iPod Repair QuickSteps
Brandon Jones and Marc Campbell
McGraw Hill Osborne
iPods have become one of the most popular symbols of today’s digital culture. iPods are seen on Wall Street, Main Street, the South Bronx, and down on the farm.
The original iPod, with all of 5GB of storage space, retailed for $399. Today, you can buy a 4 GB nano for $149. A 160 GB iPod (that’s 32 times the original’s storage capacity) costs $349, $50 less than the original.
With the inexorable drops in price for all iPod models, they’ve certainly become ubiquitous. But have they become disposable? What if the battery gives out? What if it won’t start up? Toss it, or fix it?
Apple, of course, will replace your battery, and any other broken part that may have succumbed to various indignities that portable electronics have to endure. But Apple charges a lot. Can you change the battery yourself? Can you fix a more serious problem on your own?
Jones and Campbell may have the answer. iPod Repair QuickSteps is a wide-format book of text and photos that leads you through most any iPod repair. First, the reader is told exactly how to identify each version of iPod and iPod Nano, as each repair differs, depending on the unit you have. Battery swaps are only the starting point; the authors provide guidance for replacing broken screens, bad logic boards, inoperative audio jacks, toasted hard drives, and more.
The book is well designed. Each topic, Replacing the Logic Board, for example, is divided into sections for each generation of iPod and Nano. Each repair is rated for difficulty, from Easy to Moderate to Hard, to Not Recommended. The book is brimming with photos of each critical step, and the text explanations are generally clear and concise.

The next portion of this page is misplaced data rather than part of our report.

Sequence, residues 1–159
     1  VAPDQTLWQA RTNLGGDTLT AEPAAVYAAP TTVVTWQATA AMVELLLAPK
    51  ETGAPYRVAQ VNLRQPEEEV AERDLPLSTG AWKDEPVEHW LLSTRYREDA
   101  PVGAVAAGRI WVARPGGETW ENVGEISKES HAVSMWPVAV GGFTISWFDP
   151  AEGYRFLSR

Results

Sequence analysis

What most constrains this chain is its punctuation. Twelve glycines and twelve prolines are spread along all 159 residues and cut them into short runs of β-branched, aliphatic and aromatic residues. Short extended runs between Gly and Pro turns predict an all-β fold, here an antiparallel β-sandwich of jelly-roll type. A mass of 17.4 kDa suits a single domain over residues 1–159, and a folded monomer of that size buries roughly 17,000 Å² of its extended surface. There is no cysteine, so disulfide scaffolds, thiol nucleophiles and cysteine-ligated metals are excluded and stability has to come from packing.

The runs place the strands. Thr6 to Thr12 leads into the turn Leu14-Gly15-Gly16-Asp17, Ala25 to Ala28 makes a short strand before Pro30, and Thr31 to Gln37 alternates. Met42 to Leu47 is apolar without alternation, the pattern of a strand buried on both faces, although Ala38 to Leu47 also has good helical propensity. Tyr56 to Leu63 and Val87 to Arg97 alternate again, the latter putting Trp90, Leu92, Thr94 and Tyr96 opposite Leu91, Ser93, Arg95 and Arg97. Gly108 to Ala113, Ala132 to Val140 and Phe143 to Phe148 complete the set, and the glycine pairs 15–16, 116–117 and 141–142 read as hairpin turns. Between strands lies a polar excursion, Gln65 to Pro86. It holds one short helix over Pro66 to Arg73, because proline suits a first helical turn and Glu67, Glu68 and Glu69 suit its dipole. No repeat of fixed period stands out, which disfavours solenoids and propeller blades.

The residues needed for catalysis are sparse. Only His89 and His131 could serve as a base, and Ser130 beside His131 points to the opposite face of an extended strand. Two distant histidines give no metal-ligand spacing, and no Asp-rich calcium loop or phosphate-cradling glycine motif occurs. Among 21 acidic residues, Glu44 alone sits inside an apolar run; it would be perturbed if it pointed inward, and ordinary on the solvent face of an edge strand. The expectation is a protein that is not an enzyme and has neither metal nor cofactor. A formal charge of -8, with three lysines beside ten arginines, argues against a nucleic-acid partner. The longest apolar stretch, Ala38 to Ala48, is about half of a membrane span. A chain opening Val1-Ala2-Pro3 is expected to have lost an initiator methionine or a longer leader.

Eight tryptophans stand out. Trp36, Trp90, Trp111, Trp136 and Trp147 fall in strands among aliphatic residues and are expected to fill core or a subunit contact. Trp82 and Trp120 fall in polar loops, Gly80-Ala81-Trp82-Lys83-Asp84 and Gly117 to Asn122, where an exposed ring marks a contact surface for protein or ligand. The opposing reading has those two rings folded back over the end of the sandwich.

While I was impressed with iPod Repair QuickSteps, I have one concern. If you’ve never opened up a piece of consumer electronics before, you may quail when you actually get it opened, and are staring at a bunch of wires and circuits that somehow no longer looks like the photos in the book.
Panic may set in! Don’t panic. My own personal fright was from the first time I changed to battery in my 4G iPod. After reading the instructions (not from iPod Repair QuickSteps) I still was nervous about the amount of force I needed to use to open the iPod. I got it open, but I was afraid I’d ruin the case.
This fear is one thing a book like iPod Repair QuickSteps may not be able to address. I for one would NEVER make a logic board replacement or a screen swap my first iPod repair. Work your way in gradually, perhaps starting with a battery swap.
That’s my second concern with iPod Repair QuickSteps. The book provides good instructions for even the most complex repairs, and makes them seem easy. Many of them are easy, But if you choose to jump into the deep end of the iPod repair pool your first time, keep your cool if it looks like you’re over your head.
But if your iPod was dead to begin with, one could say that you have nothing to lose, so why not? If you botch the repair, you can always send it out to a professional iPod repair shop, and those are plentiful.
iPod Repair QuickSteps is a great resource for people who want to repair a broken iPod. Be aware that many repairs are not suited to novice Podworkers, even though the authors make even the hardest work looks easy.